Star Trek Brings Back The Villain From Its Worst Movie To Torture Fans

Oh no, not that one.

By Michileen Martin | Updated

star trek strange new worlds

SPOILERS follow for “The Serene Squall,” the latest episode of Star Trek: Strange New Worlds

Sometimes bringing back an old villain in Trek is absolutely epic. Bringing Ricardo Montalban to play Khan Noonien Singh for 1982’s Star Trek II: The Wrath of Khan resulted in arguably the best film of the franchise. Most fans will name 1996’s Star Trek: First Contact, which brought back the cybernetic Borg, as the best of the TNG-era films. And while it was a different actor playing him than the late Roger C. Carmel of the original Trek series, Rainn Wilson’s Harry Mudd was one of the best things about season 1 of Star Trek: Discovery. But in “The Serene Squall” — the most recent episode of Star Trek: Strange New Worlds — the return of one of the most hated villains of the single worst franchise movie is teased. That’s right: we’re talking about Spock’s brother Sybok, of 1989’s Star Trek V: The Final Frontier.

Jesse James Keitel on Star Trek: Strange New Worlds

In the Star Trek: Strange New Worlds episode released this week, Jesse James Keitel (Queer as Folk) plays Dr. Aspen aka Angel — a disguised pirate who lures the Enterprise to the edge of known space under false pretenses. It turns out Angel’s goal is to take Spock (Ethan Peck) prisoner and use him as leverage against his fiancee T’Pring (Gia Sandhu) in order to have a prisoner she calls Xaverius released. However Spock guesses Xaverius is, in fact, a pseudonym for his Vulcan half-brother Sybok.

The closing shot of the episode is what you’ll see below, a view of Sybok in prison, seen only from behind…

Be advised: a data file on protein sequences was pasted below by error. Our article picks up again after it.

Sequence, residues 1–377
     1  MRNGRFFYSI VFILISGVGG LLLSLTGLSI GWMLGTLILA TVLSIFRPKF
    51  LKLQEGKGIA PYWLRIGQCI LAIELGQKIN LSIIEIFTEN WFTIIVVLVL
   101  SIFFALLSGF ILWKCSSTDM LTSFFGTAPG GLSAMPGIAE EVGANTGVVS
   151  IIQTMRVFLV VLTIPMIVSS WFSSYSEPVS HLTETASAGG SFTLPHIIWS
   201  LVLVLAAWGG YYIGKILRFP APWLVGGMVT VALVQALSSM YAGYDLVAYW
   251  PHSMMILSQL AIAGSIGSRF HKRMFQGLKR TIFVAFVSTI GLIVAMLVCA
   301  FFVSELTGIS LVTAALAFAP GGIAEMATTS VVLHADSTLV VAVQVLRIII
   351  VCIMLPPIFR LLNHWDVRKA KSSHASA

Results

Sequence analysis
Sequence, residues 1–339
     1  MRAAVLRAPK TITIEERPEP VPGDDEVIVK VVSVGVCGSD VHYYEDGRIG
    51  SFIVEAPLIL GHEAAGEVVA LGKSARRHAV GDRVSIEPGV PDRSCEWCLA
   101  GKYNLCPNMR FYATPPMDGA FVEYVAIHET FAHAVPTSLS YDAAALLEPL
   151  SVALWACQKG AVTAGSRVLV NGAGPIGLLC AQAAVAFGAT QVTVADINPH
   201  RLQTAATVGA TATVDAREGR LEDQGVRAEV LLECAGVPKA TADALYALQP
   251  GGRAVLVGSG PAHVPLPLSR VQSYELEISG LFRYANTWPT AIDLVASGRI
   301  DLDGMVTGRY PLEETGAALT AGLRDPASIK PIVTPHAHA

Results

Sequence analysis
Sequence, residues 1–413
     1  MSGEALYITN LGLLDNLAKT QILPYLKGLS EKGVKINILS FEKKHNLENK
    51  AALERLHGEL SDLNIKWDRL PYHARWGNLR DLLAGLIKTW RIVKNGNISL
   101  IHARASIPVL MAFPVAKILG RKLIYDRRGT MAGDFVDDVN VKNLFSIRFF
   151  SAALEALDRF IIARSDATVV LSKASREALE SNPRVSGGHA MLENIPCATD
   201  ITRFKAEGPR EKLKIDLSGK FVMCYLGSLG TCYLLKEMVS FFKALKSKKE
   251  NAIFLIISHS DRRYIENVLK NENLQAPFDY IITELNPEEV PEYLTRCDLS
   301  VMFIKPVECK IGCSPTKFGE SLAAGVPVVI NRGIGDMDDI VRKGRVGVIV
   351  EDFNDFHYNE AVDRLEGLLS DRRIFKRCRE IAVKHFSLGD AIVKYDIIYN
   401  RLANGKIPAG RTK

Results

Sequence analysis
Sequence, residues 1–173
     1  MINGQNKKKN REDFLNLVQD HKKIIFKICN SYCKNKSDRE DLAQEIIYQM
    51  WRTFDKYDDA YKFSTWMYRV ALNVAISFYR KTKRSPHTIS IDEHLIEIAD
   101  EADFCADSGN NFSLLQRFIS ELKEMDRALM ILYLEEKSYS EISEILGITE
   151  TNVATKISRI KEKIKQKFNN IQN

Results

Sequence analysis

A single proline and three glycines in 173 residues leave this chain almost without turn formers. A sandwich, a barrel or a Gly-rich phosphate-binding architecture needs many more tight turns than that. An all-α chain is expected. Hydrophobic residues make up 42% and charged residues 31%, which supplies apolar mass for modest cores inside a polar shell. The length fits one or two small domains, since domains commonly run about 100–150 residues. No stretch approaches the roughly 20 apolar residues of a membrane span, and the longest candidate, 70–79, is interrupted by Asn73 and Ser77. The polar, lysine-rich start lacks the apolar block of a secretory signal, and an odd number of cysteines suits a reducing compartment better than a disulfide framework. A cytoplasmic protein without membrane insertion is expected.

Sybock on Star TreK: Strange New Worlds
Sybok on Star Trek: Strange New Worlds

Played by Laurence Luckinbill, Spock‘s half-brother Sybok was introduced in 1989’s Star Trek V: The Final Frontier and, until now, was thoroughly forgotten throughout the rest of the narrative. For example, in spite of lots of flashbacks to younger versions of Spock and Michael Burnham in Discovery, there is no mention of Sybok in that series. And that probably isn’t an accident. The Final Frontier was William Shatner’s first, and thankfully last, directorial effort in the Trek film franchise. To give you an idea of how it was received: its Rotten Tomatoes critics score of 22% is the lowest of any screen project in the franchise, and with a worldwide gross of $52.2 million, it made less than half of its predecessor Star Trek IV‘s take, and didn’t do much better compared to its follow-up Star Trek VI.

Sybok is a kind of psychic self-help guru. We learn from Spock in Star Trek V that he became an outcast from Vulcan by rejecting the traditional teachings that call for abstinence from emotion. Somehow, connected to his embracing of emotion, when we meet Sybok he has adapted his natural Vulcan telepathic abilities to heal subjects of severe emotional trauma, and whenever he uses the power he almost always recruits the subject into his terrorist group — the Galactic Army of Light. In The Final Frontier, he uses his followers to capture the Enterprise to rescue a being he believes is God, but in fact turns out to be a big, floaty lightning head alien played by George Murdock.

star trek v
Rex Holman, Laurence Luckinbill, and Leonard Nimoy in Star Trek V: The Final Frontier (1989)

The tease seems to be that his face will eventually make an appearance. If that’s the case, it could create a bit of a contradiction. In Star Trek V, we learn none of Spock’s fellow Starfleet officers know Spock even had a brother. The Strange New Worlds crew is mostly different from that of The Final Frontier with one exception — both include Nyota Uhura. If Sybok does appear, we’ll have to see how the Strange New Worlds creators handle things.